Why Deep Space Nine is the best Star Trek series (In 5 Reasons)
If I could name the most underrated show in Star Trek history, I would point to a space station, located in a galaxy not too far away: Terrok Nor, or as the humans call it, Deep Space Nine. Not only is it host to a wide array of strange creatures, but also home to a Starfleet crew, newly settled and occupied with the arduous task of managing it.
At the helm is Captain Sisko, war-hardened from the loss of his wife at Wolf 359: a man dedicated to getting the job done at any cost, even when it means balancing his life as a commander with his status as holy “emissary” to the Bajoran prophets.
The complexity starts as baffling, and initially I found myself a little reluctant to watch. But as I dove deeper into the show I started to find something special and more unique than any other Star Trek series. Here are five reasons why I think it’s the best.
1. New themes, New Concept
DS9 had the novelty of trying something Star Trek had never done before: going into a completely new setting. The writers dispensed with the typical starship story of exploring new worlds and created Terrok Nor: a civilization in itself, full of new and exciting creatures.
They decided to place the focal point of the action right at home, rather than seeking out into distant space. The concept itself is much bolder, and larger than anything Star Trek had ever attempted at the time. When you consider the fact that the writers pulled it off for seven straight years, it adds ultimate kudos to the DS9 legacy.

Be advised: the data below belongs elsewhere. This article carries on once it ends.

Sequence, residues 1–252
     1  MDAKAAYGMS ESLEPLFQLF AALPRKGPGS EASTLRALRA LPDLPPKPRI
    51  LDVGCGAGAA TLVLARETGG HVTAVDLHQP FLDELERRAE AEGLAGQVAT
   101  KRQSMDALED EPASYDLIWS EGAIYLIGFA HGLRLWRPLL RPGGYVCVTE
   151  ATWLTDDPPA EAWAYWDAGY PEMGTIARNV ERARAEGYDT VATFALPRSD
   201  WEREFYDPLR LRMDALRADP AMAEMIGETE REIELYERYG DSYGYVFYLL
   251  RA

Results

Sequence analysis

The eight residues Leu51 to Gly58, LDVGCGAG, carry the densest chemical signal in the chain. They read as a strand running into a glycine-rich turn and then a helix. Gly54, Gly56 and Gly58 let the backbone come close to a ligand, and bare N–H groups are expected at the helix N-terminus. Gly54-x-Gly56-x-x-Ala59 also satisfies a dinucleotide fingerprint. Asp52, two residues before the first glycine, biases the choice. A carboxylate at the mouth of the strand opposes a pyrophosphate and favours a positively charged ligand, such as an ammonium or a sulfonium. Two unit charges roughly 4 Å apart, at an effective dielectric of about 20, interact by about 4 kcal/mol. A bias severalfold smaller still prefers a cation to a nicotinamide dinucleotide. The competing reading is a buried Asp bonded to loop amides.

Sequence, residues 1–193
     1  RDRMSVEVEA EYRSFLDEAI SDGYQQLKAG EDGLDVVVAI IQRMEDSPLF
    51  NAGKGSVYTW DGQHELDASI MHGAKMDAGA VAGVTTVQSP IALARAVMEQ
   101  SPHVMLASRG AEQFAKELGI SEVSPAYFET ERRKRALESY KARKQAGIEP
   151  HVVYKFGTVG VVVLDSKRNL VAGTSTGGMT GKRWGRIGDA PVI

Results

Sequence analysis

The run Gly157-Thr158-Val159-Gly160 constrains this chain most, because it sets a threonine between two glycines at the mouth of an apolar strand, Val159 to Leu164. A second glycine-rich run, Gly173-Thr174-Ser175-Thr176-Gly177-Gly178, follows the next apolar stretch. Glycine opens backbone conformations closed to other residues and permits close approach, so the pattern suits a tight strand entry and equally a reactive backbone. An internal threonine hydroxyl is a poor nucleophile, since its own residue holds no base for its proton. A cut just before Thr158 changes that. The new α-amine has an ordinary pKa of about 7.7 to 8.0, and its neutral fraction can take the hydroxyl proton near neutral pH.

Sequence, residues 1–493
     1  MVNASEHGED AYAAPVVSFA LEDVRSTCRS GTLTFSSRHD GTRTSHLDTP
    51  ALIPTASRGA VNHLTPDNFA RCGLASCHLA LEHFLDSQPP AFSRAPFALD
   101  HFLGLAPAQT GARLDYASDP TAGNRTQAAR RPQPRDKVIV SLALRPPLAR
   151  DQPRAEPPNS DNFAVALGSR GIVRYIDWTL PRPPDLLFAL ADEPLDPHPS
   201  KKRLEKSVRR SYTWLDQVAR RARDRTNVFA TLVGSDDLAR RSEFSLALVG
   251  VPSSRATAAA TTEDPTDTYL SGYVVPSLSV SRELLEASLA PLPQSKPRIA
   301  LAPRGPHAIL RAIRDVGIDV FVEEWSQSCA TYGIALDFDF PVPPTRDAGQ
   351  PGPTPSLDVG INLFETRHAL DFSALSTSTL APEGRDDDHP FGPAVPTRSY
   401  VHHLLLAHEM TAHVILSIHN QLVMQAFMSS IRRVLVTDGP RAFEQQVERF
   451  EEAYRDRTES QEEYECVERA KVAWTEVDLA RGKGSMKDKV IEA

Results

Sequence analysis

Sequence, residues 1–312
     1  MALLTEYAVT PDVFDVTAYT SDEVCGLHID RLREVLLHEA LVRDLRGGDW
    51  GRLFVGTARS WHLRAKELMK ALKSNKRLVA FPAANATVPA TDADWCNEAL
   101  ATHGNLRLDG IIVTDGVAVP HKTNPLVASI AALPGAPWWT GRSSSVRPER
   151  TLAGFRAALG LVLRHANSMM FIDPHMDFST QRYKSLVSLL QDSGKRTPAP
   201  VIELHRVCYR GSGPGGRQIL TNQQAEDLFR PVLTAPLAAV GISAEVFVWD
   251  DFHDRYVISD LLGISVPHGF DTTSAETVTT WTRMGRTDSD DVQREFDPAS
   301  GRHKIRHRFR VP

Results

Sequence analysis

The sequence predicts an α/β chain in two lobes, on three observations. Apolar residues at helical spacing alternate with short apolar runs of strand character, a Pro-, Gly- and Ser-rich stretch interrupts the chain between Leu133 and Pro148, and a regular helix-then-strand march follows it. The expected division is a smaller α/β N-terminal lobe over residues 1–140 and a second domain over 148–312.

It also widened the scope of the Trek universe. The station was not just home to starfleet, but also to various races and cultures. Terrok Nor was essentially a melting pot. On the Enterprise everyone dressed in uniform: and the Prime Directive was sacrosanct. Here, the writers decided to shake things up a bit. Ideologies, human, Klingon, Bajoran, Ferengi, Cardassian, and Changeling came clashing together. Not only was there the Prime Directive: there were the countless, quoted Rules of Acquisition, the word of the Prophets, Cardassian nationalism/guilt, and the rising tide of the Dominion.
Deep Space Nine took the liberty of going above and beyond classic Star Trek, while still keeping it Star Trek in nature.
2. More Diversity
Deep Space can boast the most unique cast of Star Trek characters, featuring Bajoran, Klingon, Trill, Ferengi, Cardassian (Garak) and Shapeshifter. From these different races came characters with a wide array of different backgrounds.
Kira was a resistance fighter during the Cardassian occupation. Hardened by war and oppression, she had a raw toughness unlike anyone else. With a warrior’s spirit, she made a fine fighter, as well as a great first officer. And, over the years, came to explore her tender side, through several romances, one of which included Odo.